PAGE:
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The type My.API.Class is ambiguous: it could come from assembly '[on Temporary ASP.NET Files]' or from assembly '[on bin folder]'

The problem occurs when debugging a Web App, specifically when making a request to a WebMethod of a WebService.

The project compiles just right. It generates My.Website.dll on bin folder and if I publish the Web Application. It works fine.

The asmx file is on the root of the application. The CodeBehind file is on App_Code and its marked to be compiled to generate My.Website.dll.

I should be missing something really important.

I found someone having the same issue with a possible related cause. Check it out. The way this person exposes its problem is somehow similar but I get starting to be lost when he talks about a proxy class and shared dlls I don't use.

Any help is appreciated.

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up vote 4 down vote accepted

According to this, the App_Code folder should be used only on Web Site projects. That's the reason the CodeBehind of the asmx was compiled at runtime too.

The initial question was made based on a Web App. But I didn't specify this Web App. was been manually changed from a Web Site project.

To solve my problem I did the following:

  1. Convert the project to Web Application. This will make App_Code to be renamed to Old_App_Code.
  2. Moved all the Old_App_Code resources to a Class Library and then referenced this library into the Web Application.

@Tony: Thank you for guiding me.

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I upgraded an old VS2005 web service to VS2010. In VS2005, I had an App_Code folder. So I ended up with this problem in VS2010. Moving the code files to the root solved this problem for me. thanks. – Francois Botha Nov 28 '11 at 10:31
and how do you move these Old_App_Code resources to a class library when they are @helpers (in my case I stored them in a Utils.cshtml)? – ekkis Jul 7 '14 at 0:47

The best way to debug issues like this is to use the "Modules" window in the Debug->windows menu of Visual Studio. It will show you all loaded assemblies. In particular, you want to look for My.API.Class in the modules list more than once. Sort the list by order loaded, and look at the dll right before it (that's usually the one responsible for the assembly to be loaded). The most likely cause of this is that one of your references also references My.API assembly, but references a different version of the assembly than your site does.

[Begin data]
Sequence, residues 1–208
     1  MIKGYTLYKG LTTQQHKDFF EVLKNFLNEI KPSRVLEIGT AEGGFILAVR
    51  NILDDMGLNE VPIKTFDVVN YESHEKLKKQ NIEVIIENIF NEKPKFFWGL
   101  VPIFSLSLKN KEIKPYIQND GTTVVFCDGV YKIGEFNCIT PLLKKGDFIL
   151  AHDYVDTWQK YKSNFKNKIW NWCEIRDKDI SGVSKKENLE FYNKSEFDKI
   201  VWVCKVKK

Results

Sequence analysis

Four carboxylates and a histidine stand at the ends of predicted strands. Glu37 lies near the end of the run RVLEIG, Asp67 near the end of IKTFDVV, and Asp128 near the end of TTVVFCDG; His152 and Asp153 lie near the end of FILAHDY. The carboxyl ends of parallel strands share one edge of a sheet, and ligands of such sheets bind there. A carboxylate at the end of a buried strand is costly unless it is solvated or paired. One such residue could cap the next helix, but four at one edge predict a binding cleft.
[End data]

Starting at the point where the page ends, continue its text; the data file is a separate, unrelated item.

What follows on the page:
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My.API assembly is on My.Website.dll. I've changed the error message of the problem to point the 'Temporary ASP.NET files' folder as the location of one of the assemblies referencing My.API.Class. Does this change the problem in any way? I can't see how your proposal for debugging the problem is helping. – elhoyos Mar 2 '11 at 18:11
Yes, that's much different. A dll in temp files means it was automatically generated by compiling your website code. I'd try deleting the contents of that folder, and see if that clears it up. If that doesn't work, you need to find out why you are getting both an assembly in your bin directory, and one in your temp files directory. I'd start by using Ildasm or a reflection tool to look at each assembly and look at the contents. – Tony Mar 2 '11 at 20:42
I did delete all the temp files and folders. Then tried to use ildasm and realized the two assemblies had compiled almost the same references. That way I got to the solution to my problem. – elhoyos Mar 3 '11 at 15:21
Thanks, your comment helped me discover that a second assembly that had been included from the client was being simultaneously loaded and causing an ambiguous reference (turns out the assemblies were identical but named differently depending on where they are supposed to live.) – Marc Clifton Nov 7 '14 at 18:59

You can also fix it by adding your assembly name at the end of the attribute "Class" ex :

Instead of

<%@ WebService  Language="C#" CodeBehind="~/App_Code/WebService.cs"  Class="WebService" %>


<%@ WebService  Language="C#"  Class="WebService, YourProjectName" %>

When you're making a web site, the assembly name is something random starting with "App_Code" but when you change it to a Web App the assembly name will be "YourProjectName".

This problem is only on development environment, so I guess my solution is better because you won't have to rename your folder (thie could cause problem with your source control).

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